Posts Tagged ‘tips’

It’s March! A new month and a new theme; Retro crafts will be my focus for the next few weeks where I’ll hopefully introduce a few cool gizmos that’ll make your crafting life much easier as well as creating at least one really nice accessory for my camper van and the odd, gorgeous household item in the process!

Let’s kick the proceedings off with something steeped in 70’s nostalgia – Flower Looms.

All the rage in 1974!

For the best dressed gal in town – A Flower Loom Stole

How positively delightful! Floral, feminine and flouncy – I’m sure you’ve probably come up with a few f-words yourself already ūüėČ Let’s look at a few more examples and really get to grips with this whole flower thing……

This screams out to be made and take pride of place in my house somewhere.

I’m taking bets that something like this ends up in Kath Kidston!

I could actually see this sort of thing coming back in a big way in 2012! I feel a summer collection coming on…!

RONCO – Bringing gizmos and gadgets to the crafting world. May the Lord bless ’em and keep ’em safe!

Right! That’s enough of that – Here’s a tutorial…..

First of all you’ll need a flower loom; I’m using one with movable pegs as my weapon of choice where different configurations will yield different styles¬†and sizes of flowers.

Loom with movable pegs – Set up in a kind of Stonehenge configuration.

Look closely and you’ll see that it’s numbered at the edge – This shows you where to start and which direction to take.

Now are you ready?

1. Take a ball of DK weight yarn in the colour of your choice and grip the end firmly between your fingers. Pull the yarn out to arms length, and measure a tail that reaches from your extended arm to your nose. It’s important to remember to do this – Your going to use this ‘tail’ to secure everything in place when we reach stage 4.

2. Starting at the peg nearest position one of the outer edge of the loom, wrap the yarn in a figure of eight loop between this and the corresponding outer edge peg on the other side. Do this about four times before moving on to the next set of pegs, repeating the process all the way round until you arrive back at the beginning.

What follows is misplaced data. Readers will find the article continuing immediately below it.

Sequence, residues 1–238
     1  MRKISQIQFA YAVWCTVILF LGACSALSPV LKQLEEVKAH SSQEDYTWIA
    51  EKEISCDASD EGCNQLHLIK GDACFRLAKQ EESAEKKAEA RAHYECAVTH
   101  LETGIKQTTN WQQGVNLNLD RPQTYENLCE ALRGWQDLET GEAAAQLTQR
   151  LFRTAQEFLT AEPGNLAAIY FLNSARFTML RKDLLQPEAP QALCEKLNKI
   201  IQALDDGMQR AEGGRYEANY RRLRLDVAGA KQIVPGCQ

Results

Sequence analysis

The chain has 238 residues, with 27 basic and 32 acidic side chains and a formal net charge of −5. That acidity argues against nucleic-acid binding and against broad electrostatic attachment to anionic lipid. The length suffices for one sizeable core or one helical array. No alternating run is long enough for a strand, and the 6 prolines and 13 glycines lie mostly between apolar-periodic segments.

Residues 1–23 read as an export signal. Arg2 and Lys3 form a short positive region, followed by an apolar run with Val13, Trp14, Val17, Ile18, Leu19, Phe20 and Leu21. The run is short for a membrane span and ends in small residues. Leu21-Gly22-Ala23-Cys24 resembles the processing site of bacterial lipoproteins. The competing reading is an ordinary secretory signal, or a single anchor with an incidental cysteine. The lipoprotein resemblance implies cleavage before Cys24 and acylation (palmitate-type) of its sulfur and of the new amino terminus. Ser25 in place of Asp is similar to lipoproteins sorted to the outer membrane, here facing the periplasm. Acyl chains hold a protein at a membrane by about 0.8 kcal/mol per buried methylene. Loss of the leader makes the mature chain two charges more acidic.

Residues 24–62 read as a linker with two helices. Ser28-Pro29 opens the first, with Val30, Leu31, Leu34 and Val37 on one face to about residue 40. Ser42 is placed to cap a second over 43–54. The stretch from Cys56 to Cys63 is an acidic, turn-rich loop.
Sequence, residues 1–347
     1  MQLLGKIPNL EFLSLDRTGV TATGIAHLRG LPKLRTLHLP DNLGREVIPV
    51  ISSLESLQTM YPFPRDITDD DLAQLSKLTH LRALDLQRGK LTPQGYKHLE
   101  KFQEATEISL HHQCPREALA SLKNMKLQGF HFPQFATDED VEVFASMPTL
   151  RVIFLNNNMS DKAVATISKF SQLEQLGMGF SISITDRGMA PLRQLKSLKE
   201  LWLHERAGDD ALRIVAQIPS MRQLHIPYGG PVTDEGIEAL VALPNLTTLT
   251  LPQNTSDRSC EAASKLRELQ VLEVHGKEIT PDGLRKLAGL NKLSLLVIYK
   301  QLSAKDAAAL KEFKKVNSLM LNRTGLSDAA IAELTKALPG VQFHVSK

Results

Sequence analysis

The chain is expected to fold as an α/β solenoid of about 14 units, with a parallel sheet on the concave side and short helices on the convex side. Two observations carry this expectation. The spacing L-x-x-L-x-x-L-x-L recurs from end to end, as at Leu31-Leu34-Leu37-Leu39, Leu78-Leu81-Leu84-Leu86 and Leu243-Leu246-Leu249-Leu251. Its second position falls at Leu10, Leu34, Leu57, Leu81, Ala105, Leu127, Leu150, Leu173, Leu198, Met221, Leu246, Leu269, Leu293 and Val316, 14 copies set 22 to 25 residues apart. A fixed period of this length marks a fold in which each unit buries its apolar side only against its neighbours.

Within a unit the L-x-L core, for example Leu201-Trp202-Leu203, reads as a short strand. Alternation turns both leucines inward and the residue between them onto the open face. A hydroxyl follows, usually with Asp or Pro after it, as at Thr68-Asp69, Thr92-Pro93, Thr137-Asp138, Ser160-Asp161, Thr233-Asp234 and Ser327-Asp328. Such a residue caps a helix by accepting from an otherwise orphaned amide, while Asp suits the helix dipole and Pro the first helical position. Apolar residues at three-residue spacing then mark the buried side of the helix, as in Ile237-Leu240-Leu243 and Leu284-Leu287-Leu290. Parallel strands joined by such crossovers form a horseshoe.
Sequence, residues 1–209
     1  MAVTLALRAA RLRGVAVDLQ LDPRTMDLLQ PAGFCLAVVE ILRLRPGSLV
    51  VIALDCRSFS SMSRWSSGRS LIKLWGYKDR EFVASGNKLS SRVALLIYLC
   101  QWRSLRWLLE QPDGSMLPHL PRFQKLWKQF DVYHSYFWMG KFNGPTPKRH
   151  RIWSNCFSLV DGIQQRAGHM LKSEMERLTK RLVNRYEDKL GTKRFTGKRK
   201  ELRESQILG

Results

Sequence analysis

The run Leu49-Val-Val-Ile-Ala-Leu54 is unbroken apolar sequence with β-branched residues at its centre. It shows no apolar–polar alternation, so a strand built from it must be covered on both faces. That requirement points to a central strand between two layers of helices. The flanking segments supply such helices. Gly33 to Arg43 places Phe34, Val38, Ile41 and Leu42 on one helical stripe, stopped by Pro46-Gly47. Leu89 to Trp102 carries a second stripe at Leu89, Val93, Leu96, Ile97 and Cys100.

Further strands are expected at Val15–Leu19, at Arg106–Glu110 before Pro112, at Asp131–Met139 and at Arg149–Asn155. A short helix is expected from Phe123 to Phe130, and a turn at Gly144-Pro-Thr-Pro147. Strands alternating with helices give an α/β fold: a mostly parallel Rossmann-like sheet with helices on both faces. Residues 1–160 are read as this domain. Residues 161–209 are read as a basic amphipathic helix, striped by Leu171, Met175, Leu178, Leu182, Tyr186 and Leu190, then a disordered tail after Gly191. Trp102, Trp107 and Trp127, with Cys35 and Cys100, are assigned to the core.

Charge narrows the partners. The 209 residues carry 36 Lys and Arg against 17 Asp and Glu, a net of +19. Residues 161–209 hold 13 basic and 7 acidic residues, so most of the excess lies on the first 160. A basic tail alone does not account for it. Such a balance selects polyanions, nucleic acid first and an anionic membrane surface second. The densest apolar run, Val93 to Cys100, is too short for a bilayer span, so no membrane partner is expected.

So far, so good? Here’s a tip – Once you’ve started wrapping your yarn, pull that long tail through to the other side of the loom so that it doesn’t get in the way

3. Using a second ball of DK yarn in a contrasting colour, virtually the same process is repeated all over again with the inner ring of pegs. Please note that you don’t have to measure out an arm to nose length of yarn in this step – 6 inches of excess yarn is ample at this stage.

4. Now we’re going to secure everything in place. Thread the end of your tail of yarn through a nice big darning needle. Starting at peg one, bring the needle through from the back of the loom and in between the outer ‘petals’ of your flower and stitch in to the centre. Following the direction of the arrows, use a simple backstitch to secure all the wrapped yarn in to place.

5. Bringing the yarn through from the back of your work again we’re going to work one more round of stitches to make everything look pretty. But still using a backstitch, we’ll work over a span of three petals each time until we get back to the beginning.

6. The flower is pretty much complete – Just remove the pegs to release it from the loom.

7. Give your flower a little ‘fluff’ to release the petals. Thread any loose tails of yarn through to the back of your work and secure. Bury any ends in the centre of your flower.

All done and dusted – Now I just need to make a small mountain of these to join together for my latest bed throw in the camper van!

Ain’t they lovely!

I’ve usually made them into quick brooches; Here’s one of my lovely nieces modelling a few from late 2010:

Poor Sash! Dragged all over the place to model for the Big Blue Bully Bus – This time it was just down the road from me at Kirkstall Abbey, Leeds. She’s a trooper, bless ‘er!

But this time, I’m going to make a huge stack of them to turn into a new bedspread for the bus!¬†All thanks to the lovely lady behind knitting-and.com –¬†http://www.knitting-and.com/small-looms/index.html¬†and the oodles of hints, tips and inspirations she’s gathered together. She lives around and about the environs of Wollongong, Australia – possibly just round the corner from my lovely sister in law and her husband who love our Dak Dak (1963 splitty) to bits. Please take a few moments to visit her website if you can – it’s just brilliant!